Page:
A judicial tribunal administers justice, by ensuring that laws are upheld, enforced and observed and that those who break them are punished. It must, therefore, lead by example.

The administration of the Gozo court and their political masters therefore have a lot to answer for, having been found in breach of health and safety regulations.

The situation is so bad it is not only the Occupational Health and Safety Authority that is concerned and demands immediate remedial action but also lawyers and staff members themselves. It had even failed an accessibility audit conducted by the Commission for the Rights of Persons with Disability.

The historical building within the Citadel, in Victoria, has many limitations, which are probably the root cause of the prevailing situation.

Talk of alternative premises, whether a new structure or modifying one already standing, has been going on for years.

In late 2013, then Gozo minister Anton Refalo spoke about a new building incorporating state-of-the-art facilities. But, although described by him as a “main priority for Gozo”, nothing came out of it and, four years later, it emerged that his successor, Justyne Caruana, had put the project on hold.

She had her own plans but, again, nothing materialised by the time she was, in turn, replaced as Gozo minister.

It is not only the physical aspect that is lacking but also the functionality of the place. The court administration is probably so overwhelmed it is at a loss as to where to start and it is very likely the political masters have not been giving too much attention to the issue. This can also be due to the fact that responsibility for the court in Gozo is shared by the Gozo ministry, for the building, the justice ministry and the court services agency, the last two catering for operations.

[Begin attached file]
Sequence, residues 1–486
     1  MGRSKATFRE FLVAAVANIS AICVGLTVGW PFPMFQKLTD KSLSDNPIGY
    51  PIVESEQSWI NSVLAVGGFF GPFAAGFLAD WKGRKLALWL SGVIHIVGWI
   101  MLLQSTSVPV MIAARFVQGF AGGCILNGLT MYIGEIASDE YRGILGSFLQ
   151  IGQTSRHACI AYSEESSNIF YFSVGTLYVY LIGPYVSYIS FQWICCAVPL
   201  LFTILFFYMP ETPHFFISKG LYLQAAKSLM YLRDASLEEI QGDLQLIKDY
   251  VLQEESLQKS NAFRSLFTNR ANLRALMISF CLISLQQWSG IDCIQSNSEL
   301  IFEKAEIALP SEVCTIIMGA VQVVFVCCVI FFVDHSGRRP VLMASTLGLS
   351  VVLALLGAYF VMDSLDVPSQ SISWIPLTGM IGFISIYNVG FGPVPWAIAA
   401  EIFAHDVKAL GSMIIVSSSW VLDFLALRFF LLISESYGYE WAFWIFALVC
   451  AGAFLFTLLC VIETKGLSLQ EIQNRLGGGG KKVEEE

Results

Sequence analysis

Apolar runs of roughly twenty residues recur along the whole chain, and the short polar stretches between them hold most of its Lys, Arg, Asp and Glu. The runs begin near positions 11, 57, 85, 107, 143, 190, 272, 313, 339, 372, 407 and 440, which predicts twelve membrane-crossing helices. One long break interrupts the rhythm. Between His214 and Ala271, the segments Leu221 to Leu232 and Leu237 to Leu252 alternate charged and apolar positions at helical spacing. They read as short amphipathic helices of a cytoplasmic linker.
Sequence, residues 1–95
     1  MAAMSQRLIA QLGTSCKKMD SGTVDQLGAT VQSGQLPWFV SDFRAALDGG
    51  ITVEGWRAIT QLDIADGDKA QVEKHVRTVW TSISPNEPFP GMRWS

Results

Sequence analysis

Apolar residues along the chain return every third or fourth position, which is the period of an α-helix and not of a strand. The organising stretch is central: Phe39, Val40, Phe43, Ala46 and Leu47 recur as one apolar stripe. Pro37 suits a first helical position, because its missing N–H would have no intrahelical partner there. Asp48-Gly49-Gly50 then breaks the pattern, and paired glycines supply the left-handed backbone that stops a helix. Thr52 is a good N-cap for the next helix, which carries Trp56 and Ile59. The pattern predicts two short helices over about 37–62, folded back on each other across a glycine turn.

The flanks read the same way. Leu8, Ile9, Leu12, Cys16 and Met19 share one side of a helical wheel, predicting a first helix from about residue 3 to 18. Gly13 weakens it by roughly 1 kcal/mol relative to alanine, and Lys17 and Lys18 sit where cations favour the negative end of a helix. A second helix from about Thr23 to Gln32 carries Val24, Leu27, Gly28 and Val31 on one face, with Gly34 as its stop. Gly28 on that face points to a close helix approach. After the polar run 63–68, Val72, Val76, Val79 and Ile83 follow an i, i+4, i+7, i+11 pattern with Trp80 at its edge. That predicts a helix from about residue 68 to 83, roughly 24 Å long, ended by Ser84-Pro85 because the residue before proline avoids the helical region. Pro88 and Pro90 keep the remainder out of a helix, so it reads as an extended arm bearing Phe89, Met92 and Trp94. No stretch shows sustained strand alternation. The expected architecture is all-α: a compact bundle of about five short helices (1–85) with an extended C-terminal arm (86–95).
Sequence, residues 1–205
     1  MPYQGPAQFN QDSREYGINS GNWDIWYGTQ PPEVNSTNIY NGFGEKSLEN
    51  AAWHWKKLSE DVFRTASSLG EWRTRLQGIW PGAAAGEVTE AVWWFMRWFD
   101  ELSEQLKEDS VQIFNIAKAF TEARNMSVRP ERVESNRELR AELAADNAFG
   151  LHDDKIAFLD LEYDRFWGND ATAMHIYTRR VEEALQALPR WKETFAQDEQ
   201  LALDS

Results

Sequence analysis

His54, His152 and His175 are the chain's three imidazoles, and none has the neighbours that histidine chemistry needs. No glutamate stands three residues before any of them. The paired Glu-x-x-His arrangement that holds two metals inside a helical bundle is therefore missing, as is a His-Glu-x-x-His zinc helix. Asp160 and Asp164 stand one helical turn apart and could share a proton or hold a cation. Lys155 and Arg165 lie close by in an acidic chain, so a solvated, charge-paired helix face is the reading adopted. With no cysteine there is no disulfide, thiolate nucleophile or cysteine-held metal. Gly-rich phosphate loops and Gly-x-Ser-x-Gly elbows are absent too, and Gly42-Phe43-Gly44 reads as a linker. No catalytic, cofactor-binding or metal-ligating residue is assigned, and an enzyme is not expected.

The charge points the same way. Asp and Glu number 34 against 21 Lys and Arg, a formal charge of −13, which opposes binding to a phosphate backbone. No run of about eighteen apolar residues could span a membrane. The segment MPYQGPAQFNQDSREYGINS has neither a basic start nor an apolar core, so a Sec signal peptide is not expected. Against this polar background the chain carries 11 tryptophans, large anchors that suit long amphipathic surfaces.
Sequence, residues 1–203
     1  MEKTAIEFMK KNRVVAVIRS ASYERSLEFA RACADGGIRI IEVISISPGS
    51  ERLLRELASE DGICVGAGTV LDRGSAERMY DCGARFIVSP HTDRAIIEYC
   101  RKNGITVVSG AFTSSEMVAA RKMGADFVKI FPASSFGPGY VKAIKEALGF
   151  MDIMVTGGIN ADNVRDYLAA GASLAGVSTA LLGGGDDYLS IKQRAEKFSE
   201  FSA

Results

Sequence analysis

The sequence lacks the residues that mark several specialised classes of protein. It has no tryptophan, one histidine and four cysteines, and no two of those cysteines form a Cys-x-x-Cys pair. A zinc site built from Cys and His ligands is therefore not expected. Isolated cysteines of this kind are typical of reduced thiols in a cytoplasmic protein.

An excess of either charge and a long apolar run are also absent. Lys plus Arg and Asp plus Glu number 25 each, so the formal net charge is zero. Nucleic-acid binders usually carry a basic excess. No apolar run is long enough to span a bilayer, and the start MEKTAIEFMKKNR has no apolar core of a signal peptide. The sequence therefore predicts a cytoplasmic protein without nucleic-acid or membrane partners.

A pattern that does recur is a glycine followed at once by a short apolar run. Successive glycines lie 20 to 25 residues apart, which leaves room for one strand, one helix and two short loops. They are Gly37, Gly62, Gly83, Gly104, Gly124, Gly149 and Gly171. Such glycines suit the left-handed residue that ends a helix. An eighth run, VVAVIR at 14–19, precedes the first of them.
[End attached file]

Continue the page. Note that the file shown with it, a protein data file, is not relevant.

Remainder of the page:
Everybody’s business is usually nobody’s business. But when a violent incident occurred outside one of the halls and Magistrate Joseph Mifsud wanted to check the CCTV footage, he realised there was none and decided he would do something about it.

The Occupational Health and Safety Authority was ordered to inspect the place and it identified 16 areas where action was needed. It noted in its report that the Gozo court does not meet the minimum requirements in terms of a number of occupational health and safety laws.

Court director general Mary Debono Borg was given three months to comply with the law and when the second inspection was set to take place, she asked to be accompanied by her legal counsel.

Ironically, the lawyer she chose – Joseph Ellis – was one of the three Nationalist MPs who, not long afterwards, signed a public statement expressing concern about the situation and solidarity with lawyers, employees and the public who needed to go to the court in Gozo.

The second inspection established that remedial action was fully or partially taken in only five of the 16 areas.

The director general committed herself to give a written explanation for the failure to fulfil her legal obligations in full but this had not reached the health and safety watchdog by the time it drew up its report.

An administrative fine will, therefore, be issued for an outright violation of the law… by a court of law.

The minister/s on whose desk the buck stops will, no doubt, try to play down the situation, as the justice ministry has already done. But heads should roll.

Upholding the law is paramount, especially within Lady Justice’s abode.

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